Boykin may not be a household name, but he has in recent years become a folk hero on the far right. Boykin had a legendary military career as a leader of America’s special forces, but he was rebuked by then-President George W. Bush and by the Pentagon’s inspector general for giving speeches in uniform while dismissing the God of Islam as an “idol” and portraying the “War on Terror” as a spiritual war between “our God” (Christian) and Satan. That, of course, endangered members of the American military serving in armed conflicts and undercut the diversity of our armed forces.

After retiring, Boykin continued diving further into the deep end of Religious Right extremism. “Islam is evil,” he says;  Islam is not a religion but a “totalitarian way of life.” Boykin, a board member of the dominionist Oak Initiative, is a leader of the Religious-Right push to scare Americans into believing that the U.S. Constitution is under dire threat of being replaced by Sharia law. He is the co-author of Sharia, the Threat to America, popularly known as the Team B II report. Since, he has claimed, Muslims are under an “obligation to destroy our Constitution,” American Muslims are not protected under the First Amendment’s guarantees of religious liberty. (Muslims, by the way, are under no such obligation.) He even said no mosques should be allowed to be built in America, though he has since backed away from that outrageous statement.

And Boykin is, like Perkins, unremittingly hostile to President Barack Obama. Boykin has charged that Obama is creating a Hitler-like cadre of Brownshirts to force Marxism down Americans’ throats. No wonder Tony Perkins loves him! 

But what really made Boykin and FRC a match made in heaven is their shared expertise in portraying criticism of Religious-Right extremism as an attack on religious freedom. In March, AlterNet published “The Mythical Martyrdom of the Religious Right’s Favorite Islamophobic General,” People For the American Way Foundation’s report on the propaganda campaign to depict Boykin as victim of religious persecution.

Back in February, Boykin had been invited to speak at a National Prayer Breakfast at the U.S. Military Academy in West Point, but a group of West Point faculty and cadets – mostly Christians – objected, along with advocacy groups familiar with Boykin’s record.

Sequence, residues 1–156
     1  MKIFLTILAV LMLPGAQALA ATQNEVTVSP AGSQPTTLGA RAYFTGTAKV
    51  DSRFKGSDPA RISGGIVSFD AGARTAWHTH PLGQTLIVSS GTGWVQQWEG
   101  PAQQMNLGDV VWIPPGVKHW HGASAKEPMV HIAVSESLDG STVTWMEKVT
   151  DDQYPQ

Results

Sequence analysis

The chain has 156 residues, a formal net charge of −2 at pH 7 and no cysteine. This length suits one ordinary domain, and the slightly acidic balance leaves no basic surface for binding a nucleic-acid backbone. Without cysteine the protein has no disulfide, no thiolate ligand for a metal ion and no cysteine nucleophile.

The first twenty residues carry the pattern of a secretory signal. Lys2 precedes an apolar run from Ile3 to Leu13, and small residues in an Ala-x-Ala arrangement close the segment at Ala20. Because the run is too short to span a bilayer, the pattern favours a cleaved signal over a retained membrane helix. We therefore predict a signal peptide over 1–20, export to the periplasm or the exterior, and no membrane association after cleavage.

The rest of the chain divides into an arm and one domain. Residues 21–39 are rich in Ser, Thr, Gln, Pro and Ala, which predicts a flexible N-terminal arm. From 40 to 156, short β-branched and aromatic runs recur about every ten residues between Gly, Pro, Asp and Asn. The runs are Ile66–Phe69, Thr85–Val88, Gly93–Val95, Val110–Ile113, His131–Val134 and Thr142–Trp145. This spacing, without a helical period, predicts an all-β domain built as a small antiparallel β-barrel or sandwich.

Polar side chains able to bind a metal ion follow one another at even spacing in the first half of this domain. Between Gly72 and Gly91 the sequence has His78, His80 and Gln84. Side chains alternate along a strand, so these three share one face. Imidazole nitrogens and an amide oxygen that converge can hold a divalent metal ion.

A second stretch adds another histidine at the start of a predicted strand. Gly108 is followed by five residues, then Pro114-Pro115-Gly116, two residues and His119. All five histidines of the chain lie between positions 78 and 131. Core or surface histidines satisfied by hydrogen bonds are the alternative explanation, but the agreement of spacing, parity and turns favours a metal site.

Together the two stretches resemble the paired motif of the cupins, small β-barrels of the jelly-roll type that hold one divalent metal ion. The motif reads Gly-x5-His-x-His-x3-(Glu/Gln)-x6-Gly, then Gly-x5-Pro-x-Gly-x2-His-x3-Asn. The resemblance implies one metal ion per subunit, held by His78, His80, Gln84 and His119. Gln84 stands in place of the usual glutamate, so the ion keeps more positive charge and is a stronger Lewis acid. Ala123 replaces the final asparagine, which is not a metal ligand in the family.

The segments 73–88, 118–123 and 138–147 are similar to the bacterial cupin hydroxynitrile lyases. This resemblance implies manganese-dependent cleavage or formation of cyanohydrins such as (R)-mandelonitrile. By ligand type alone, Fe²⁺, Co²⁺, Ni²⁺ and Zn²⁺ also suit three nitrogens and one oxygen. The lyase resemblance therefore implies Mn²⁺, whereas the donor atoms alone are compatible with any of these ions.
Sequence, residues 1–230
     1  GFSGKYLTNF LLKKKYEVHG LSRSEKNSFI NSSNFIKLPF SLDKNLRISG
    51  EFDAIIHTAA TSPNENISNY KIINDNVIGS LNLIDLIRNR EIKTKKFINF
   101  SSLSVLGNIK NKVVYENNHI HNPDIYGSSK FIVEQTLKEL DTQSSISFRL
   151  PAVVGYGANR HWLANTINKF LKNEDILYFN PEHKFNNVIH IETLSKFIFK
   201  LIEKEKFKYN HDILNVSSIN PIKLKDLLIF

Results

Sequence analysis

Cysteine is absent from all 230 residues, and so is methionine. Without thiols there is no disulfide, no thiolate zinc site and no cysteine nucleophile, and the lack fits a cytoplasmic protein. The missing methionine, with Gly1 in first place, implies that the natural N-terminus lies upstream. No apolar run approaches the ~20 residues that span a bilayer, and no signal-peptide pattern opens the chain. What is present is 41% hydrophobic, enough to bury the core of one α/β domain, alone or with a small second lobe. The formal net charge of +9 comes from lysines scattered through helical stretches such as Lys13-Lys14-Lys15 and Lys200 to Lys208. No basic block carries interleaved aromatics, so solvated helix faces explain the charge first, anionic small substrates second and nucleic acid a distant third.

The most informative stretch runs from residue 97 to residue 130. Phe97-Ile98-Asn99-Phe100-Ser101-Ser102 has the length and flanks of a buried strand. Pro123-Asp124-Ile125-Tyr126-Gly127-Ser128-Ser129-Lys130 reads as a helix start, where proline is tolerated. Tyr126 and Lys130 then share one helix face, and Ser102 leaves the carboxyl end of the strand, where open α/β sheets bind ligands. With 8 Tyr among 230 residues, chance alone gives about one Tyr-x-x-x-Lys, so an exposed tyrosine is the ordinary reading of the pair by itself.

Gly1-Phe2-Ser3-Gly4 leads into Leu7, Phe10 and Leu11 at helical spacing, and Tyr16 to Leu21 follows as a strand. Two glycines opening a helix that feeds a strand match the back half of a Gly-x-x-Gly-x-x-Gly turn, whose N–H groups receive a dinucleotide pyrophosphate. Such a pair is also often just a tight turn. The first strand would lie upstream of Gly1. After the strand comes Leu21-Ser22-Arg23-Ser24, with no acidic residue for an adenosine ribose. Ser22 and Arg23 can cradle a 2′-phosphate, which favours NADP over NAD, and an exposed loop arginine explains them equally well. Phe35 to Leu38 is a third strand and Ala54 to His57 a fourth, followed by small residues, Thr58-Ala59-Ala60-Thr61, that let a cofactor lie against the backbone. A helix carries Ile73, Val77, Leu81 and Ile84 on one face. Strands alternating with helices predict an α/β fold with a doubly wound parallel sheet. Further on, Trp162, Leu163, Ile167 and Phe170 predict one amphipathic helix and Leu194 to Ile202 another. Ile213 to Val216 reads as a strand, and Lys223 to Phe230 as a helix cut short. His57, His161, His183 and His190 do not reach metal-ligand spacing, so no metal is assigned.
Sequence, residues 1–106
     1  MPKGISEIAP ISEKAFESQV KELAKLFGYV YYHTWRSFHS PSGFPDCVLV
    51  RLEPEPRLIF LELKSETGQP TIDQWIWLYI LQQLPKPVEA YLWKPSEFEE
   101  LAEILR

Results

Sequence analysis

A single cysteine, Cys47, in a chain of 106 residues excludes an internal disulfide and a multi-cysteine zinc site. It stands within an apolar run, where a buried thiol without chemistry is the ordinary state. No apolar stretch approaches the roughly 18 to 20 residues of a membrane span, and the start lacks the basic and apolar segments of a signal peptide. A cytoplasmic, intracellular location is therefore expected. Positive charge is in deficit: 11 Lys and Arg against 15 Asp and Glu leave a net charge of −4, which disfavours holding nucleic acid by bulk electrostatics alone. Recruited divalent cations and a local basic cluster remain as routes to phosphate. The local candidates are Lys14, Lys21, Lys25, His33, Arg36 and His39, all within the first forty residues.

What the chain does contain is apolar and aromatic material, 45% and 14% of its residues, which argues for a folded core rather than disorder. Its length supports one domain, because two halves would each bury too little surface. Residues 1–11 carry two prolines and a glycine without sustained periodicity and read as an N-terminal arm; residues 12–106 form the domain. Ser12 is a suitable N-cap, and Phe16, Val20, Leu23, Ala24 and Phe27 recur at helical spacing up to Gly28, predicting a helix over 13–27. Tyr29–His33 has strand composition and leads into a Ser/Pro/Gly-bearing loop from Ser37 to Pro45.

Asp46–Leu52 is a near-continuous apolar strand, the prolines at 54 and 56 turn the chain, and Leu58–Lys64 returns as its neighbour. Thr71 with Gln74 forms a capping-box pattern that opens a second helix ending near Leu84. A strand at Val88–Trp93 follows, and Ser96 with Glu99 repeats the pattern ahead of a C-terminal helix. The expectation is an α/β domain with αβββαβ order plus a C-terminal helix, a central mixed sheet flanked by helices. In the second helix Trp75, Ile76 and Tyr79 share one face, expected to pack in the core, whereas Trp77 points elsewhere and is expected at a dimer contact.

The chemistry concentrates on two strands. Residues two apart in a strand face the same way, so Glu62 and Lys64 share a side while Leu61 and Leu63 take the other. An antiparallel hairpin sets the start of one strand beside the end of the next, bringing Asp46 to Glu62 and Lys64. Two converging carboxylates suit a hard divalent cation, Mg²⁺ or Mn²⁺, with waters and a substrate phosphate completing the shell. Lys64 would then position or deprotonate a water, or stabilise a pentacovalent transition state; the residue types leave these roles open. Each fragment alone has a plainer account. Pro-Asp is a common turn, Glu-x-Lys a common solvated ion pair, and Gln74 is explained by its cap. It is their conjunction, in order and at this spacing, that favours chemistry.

One faculty member wrote that Boykin’s invitation would cause “horrible consequences” around the world: “The true price to be exacted, by granting this high-profile speaking engagement to the bigot Boykin, will shamefully be paid in blood, and the blood of innocents,” the faculty member wrote to the Military Religious Freedom foundation (which withheld the person’s name). As opposition grew, Boykin withdrew, and he and his allies on the Religious Right went to work portraying him as a martyr to anti-Christian bigotry. Boykin called on Christians to “draw a line in the sand” against efforts to “silence” people like him.

This martyrdom campaign may well have been his trial run for working at the Family Research Council, which constantly portrays the Christian majority in America, and politically influential Religious Right groups, as if they were a tiny minority on the verge of being persecuted into extinction. 

Perkins loves to make irresponsible claims about President Obama, who Perkins says “has created an environment that has become hostile to Christianity in this country.” Perkins alleges that the administration wants to “sweep Christianity off the face of military bases.” As Adele Stan has reported, Perkins has his own long and well-documented record of extremism, including a 2001 appearance at a gathering of the Council of Conservative Citizens and the purchase of a mailing list from KKK’er David Duke when Perkins was running a congressional campaign in the 1990s.